So it looks like I was able to recover almost all of the 18% clipped pixels - Impressive!  I focused on the black portion of the feeder, so the camera did boost the exposure because of the dark area.  I expected that.  It was set to evaluative metering, but still gave some priority to the center of the frame.
« Last Edit: February 12, 2018, 09:34:02 PM by Mt Spokane Photography »

Iliah Borg

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Re: Want to Increase The Dynamic Range of Your EOS 5D Mark IV Raw Files?
« Reply #40 on: February 13, 2018, 04:17:25 PM »
So it looks like I was able to recover almost all of the 18% clipped pixels - Impressive!  I focused on the black portion of the feeder, so the camera did boost the exposure because of the dark area.  I expected that.  It was set to evaluative metering, but still gave some priority to the center of the frame.

I think yes, the pole looks natural, without dull grey spots resulting from reconstructing highlights through interpolation.

Some folks prefer Lumariver HDR ( http://www.lumariver.com ) because it results in DNG file with virtually no ghosting.

Mt Spokane Photography

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Re: Want to Increase The Dynamic Range of Your EOS 5D Mark IV Raw Files?
« Reply #41 on: February 13, 2018, 09:34:59 PM »

Some folks prefer Lumariver HDR ( http://www.lumariver.com ) because it results in DNG file with virtually no ghosting.

Unfortunately, its Mac only.  I was really unhappy in 1992 when my company standardized on pc's, but I've become so adept at using one that a Mac might seem strange 25+ years later.

Iliah Borg

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Re: Want to Increase The Dynamic Range of Your EOS 5D Mark IV Raw Files?
« Reply #42 on: February 13, 2018, 10:44:03 PM »

Some folks prefer Lumariver HDR ( http://www.lumariver.com ) because it results in DNG file with virtually no ghosting.

Unfortunately, its Mac only.  I was really unhappy in 1992 when my company standardized on pc's, but I've become so adept at using one that a Mac might seem strange 25+ years later.

Ah. I'm sorry for forgetting to mention this limitation in my post.

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Re: Want to Increase The Dynamic Range of Your EOS 5D Mark IV Raw Files?
« Reply #42 on: February 13, 2018, 10:44:03 PM »

IglooEater

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Re: Want to Increase The Dynamic Range of Your EOS 5D Mark IV Raw Files?
« Reply #43 on: February 14, 2018, 07:37:11 AM »
So the (sub)photosites have some headroom in well capacity, being able to represent higher values before saturating than the ADC and post-ADC digital electronics. Basically the sensor has a ”native” ISO lower than 100.

No, they have half the well capacity, it is a maths issue.

If a 14 bit ADC had a range from 0-10, 10 being clipped, then if each half is below 5 the highlight will have detail in the main frame. If both sub pixels register 8 then in the main frame the value would be >10 so blown, but the value from the sub frame is 8, so it retains highlight detail.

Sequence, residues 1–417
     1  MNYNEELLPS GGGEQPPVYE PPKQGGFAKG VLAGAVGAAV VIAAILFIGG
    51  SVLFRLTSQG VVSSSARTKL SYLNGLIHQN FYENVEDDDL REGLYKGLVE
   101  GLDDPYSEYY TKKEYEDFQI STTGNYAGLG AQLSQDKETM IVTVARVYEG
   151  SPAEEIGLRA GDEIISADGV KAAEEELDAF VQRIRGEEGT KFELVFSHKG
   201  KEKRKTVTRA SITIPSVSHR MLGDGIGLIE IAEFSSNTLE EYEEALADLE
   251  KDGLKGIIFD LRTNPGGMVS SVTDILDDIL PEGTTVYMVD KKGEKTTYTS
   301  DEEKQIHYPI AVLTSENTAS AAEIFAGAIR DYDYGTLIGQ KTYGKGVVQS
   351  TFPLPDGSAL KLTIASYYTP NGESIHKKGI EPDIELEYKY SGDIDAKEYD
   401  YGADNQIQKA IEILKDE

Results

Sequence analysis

The point is the main frame has the FWC of two sub pixels added together to make the output value limited at 14 bits, this means if the value of the sub frames pixel is less than 1/2 the 14 bit ceiling you will get additional highlight detail out of the sub frame. As we all know 1/2 or x2 is equal to 1 stop, so in theory there is a possible 1 stop improvement in highlight detail using this technique.

So could canon have given the sensor an extra stop of DR by using a 16 bit ADC?  Edit: removed a dumb question
« Last Edit: February 14, 2018, 07:48:29 AM by IglooEater »

privatebydesign

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Re: Want to Increase The Dynamic Range of Your EOS 5D Mark IV Raw Files?
« Reply #44 on: February 14, 2018, 08:01:15 AM »
So the (sub)photosites have some headroom in well capacity, being able to represent higher values before saturating than the ADC and post-ADC digital electronics. Basically the sensor has a ”native” ISO lower than 100.

No, they have half the well capacity, it is a maths issue.

If a 14 bit ADC had a range from 0-10, 10 being clipped, then if each half is below 5 the highlight will have detail in the main frame. If both sub pixels register 8 then in the main frame the value would be >10 so blown, but the value from the sub frame is 8, so it retains highlight detail.

The point is the main frame has the FWC of two sub pixels added together to make the output value limited at 14 bits, this means if the value of the sub frames pixel is less than 1/2 the 14 bit ceiling you will get additional highlight detail out of the sub frame. As we all know 1/2 or x2 is equal to 1 stop, so in theory there is a possible 1 stop improvement in highlight detail using this technique.

So could canon have given the sensor an extra stop of DR by using a 16 bit ADC?  Edit: removed a dumb question

Yes. 14 bit files are holding Canon sensor capabilities back nowadays, more bit depth would realize more DR even with todays dual pixel sensors.
Too often we lose sight of the fact that photography is about capturing light, if we have the ability to take control of that light then we grow exponentially as photographers. More often than not the image is not about lens speed, sensor size, DR, MP's or AF, it is about the light.

canon rumors FORUM

Re: Want to Increase The Dynamic Range of Your EOS 5D Mark IV Raw Files?
« Reply #44 on: February 14, 2018, 08:01:15 AM »